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SOC 352 Chapter 2

SOC 352 Chapter 2 - HARPMC02_0131884980.QXD 12:01 AM Page...

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Our first chapter would lead you to believe that we’re going to provide a descriptive treatment of social change in the United States and elsewhere. Your hunch is true, but we’re also interested in discussing change in light of more general explanations— theories—that explain how societies work and how change comes about. Put simply, theory refers to how you explain things. Theories are general explanations that 13 The Causes and Patterns of Change Chapter 2 Big construction projects are symbols of the human capacity to produce change through cooperation. A Presidential inaguration is the type of symbolic political event that creates great expectations for change. HARPMC02_0131884980.QXD 11/7/06 12:01 AM Page 13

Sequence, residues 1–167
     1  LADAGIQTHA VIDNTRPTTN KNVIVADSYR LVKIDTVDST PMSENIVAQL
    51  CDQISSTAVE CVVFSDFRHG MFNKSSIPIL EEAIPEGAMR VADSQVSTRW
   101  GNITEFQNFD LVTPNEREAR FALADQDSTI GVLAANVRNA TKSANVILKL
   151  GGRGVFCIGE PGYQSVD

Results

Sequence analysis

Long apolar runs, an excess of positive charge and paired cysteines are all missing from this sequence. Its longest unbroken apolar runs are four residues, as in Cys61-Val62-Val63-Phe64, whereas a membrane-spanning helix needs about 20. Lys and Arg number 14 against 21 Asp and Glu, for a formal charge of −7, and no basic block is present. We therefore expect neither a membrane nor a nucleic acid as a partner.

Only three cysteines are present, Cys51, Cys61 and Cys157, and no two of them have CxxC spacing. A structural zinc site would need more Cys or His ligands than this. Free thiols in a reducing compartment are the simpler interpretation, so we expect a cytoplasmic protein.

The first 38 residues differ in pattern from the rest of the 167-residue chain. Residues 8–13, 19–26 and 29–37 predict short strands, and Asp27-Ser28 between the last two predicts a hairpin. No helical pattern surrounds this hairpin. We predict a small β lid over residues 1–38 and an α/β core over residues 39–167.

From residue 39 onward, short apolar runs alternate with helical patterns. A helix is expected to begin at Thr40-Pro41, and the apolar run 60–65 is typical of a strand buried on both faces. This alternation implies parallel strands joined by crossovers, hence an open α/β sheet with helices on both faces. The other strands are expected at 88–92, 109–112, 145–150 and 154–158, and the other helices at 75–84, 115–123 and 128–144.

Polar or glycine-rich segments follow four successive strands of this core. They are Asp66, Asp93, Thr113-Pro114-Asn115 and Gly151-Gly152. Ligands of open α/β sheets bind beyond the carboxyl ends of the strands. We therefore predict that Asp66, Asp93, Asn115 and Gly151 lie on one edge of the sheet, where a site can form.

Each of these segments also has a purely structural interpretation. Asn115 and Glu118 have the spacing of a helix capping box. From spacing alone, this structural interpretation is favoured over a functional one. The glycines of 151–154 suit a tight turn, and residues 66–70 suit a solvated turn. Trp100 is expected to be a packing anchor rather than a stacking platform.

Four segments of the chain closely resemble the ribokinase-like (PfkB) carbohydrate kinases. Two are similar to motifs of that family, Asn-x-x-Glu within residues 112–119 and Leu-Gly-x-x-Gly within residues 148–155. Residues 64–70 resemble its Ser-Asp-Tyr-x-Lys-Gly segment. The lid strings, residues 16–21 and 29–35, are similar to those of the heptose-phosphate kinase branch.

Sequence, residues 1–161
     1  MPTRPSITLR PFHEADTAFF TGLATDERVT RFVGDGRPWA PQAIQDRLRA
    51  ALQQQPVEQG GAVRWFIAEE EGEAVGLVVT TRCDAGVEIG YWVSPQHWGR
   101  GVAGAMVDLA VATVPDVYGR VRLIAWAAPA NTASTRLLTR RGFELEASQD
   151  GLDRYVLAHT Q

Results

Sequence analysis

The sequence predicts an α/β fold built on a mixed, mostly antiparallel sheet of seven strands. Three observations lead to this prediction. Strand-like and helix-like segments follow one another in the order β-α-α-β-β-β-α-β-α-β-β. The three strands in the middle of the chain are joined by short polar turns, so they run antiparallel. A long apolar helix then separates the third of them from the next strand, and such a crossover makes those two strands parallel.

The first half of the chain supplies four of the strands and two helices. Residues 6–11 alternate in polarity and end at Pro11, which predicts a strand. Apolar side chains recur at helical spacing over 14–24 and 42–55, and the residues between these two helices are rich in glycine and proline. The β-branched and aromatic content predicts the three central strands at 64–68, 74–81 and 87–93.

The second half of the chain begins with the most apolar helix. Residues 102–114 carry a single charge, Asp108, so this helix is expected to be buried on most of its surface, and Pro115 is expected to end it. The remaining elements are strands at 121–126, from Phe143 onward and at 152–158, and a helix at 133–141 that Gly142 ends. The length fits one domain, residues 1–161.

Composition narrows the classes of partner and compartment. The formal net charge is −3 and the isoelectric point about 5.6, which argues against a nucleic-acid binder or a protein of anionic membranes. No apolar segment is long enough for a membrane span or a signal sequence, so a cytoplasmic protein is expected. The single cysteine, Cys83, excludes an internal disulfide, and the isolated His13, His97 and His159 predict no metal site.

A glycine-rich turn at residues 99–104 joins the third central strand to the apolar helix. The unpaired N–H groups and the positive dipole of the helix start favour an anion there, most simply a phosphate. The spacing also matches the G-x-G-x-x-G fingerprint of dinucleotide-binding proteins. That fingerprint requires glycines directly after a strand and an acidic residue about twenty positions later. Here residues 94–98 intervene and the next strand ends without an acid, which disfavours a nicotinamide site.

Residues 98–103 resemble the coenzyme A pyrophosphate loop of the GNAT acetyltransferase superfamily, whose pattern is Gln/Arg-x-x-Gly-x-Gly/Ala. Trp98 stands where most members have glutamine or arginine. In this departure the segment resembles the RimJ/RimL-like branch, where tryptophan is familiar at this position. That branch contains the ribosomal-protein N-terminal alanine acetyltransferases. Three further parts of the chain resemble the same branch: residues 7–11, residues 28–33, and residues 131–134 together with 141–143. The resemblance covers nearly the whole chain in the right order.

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14 Chapter 2 enable us to make sense of particular facts and events. They answer our questions about how and why things happen or develop the way that they do. The word theory usually has negative connotations in popular American usage: If something is described as “theoretical,” it usually means that it is overly abstract, impractical, too idealistic, unclear, or removed from any everyday significance. But theories are essential to everyday life and any scholarly or scientific enterprise. Without being aware of it, we theorize about things all the time. Science involves not only the collection of facts and data, but also attempts to provide coherent explanations about why the facts are arranged as they are. The real goal of any science is to discern meaningful patterns that explain things rather than to produce particular bodies of facts or evidence. Such explanations supported by empirical evidence are the ultimate goal of science, even though this goal is very elusive in short-run practical terms. There are usually competing theories and unfortunately the facts do not speak for themselves but have to be interpreted. More formally, a scientific theory is an abstract explanatory scheme that is potentially open to disconfirmation by evidence. The abstract quality means the explanation is composed of generalizations not tied to particular events. THEORY IN SOCIOLOGY Social science, like all science, assumes that events are not entirely random and that, in spite of the complexity and apparent unpredictability of the social world, there is at least a degree of order and predictability that underlies these appearances. Any sci- entific attempt to understand social change is centrally concerned with theories about change. Given the complexities of the social world, social scientists often use models, which are simplified theories shorn of much elaboration and detail. Models and theories always contain assumptions, beliefs about human nature and the human condition that are not testable in a strict scientific sense. Assumptions represent the starting point or basic building blocks for building the theory or model.
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